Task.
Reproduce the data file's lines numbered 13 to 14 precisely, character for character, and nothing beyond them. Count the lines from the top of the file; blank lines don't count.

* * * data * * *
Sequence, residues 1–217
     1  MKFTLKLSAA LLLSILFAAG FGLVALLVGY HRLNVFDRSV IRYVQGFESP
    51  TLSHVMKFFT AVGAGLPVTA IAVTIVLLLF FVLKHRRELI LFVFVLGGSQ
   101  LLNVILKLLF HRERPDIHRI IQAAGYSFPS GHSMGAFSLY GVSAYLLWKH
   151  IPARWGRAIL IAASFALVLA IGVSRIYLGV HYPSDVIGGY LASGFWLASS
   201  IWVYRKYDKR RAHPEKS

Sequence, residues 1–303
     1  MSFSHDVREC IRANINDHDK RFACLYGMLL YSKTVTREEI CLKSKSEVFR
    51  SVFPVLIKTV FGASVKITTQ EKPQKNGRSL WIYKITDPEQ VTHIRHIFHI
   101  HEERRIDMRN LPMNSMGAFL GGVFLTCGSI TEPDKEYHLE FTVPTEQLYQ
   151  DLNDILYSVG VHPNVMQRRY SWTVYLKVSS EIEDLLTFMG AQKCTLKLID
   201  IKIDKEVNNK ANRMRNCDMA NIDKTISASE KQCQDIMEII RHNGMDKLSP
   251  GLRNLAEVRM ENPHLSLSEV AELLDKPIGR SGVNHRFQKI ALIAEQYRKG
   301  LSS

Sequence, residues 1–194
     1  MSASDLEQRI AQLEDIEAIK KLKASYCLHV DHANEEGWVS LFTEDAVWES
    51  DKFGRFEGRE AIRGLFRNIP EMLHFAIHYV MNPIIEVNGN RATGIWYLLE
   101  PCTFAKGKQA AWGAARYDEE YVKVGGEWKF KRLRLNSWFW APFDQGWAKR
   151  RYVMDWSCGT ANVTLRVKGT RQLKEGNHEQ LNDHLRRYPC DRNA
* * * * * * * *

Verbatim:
   251  GLRNLAEVRM ENPHLSLSEV AELLDKPIGR SGVNHRFQKI ALIAEQYRKG
   301  LSS